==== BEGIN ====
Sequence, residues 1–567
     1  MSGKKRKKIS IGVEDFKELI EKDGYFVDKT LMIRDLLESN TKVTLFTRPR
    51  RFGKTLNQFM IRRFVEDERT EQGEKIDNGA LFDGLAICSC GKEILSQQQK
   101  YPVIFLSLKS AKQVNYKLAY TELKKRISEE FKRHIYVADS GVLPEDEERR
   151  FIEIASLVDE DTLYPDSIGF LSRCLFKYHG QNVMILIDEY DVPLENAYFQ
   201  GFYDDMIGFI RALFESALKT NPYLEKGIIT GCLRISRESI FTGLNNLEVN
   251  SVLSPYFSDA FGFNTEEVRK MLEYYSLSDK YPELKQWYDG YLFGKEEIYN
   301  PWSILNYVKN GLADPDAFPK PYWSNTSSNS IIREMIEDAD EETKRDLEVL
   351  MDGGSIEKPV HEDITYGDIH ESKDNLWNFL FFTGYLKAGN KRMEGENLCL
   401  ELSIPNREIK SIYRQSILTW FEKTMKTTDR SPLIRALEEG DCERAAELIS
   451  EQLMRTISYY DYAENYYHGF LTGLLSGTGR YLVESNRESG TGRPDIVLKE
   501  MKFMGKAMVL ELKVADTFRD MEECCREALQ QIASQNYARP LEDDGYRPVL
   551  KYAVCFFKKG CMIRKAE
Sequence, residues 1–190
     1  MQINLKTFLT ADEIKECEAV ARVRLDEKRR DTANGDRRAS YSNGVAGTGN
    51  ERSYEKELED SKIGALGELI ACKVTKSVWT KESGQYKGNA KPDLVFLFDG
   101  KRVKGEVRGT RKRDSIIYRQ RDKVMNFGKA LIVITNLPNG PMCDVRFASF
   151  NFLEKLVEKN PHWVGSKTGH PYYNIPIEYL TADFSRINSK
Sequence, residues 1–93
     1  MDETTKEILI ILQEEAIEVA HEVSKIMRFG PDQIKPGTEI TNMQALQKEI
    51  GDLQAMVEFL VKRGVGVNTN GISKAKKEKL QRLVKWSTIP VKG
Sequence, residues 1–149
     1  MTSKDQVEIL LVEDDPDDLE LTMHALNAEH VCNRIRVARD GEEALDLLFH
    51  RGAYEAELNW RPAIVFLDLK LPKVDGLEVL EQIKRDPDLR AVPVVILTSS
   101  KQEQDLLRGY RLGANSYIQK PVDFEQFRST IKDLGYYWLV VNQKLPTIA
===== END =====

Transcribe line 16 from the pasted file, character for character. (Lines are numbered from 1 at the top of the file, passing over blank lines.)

    51  ERSYEKELED SKIGALGELI ACKVTKSVWT KESGQYKGNA KPDLVFLFDG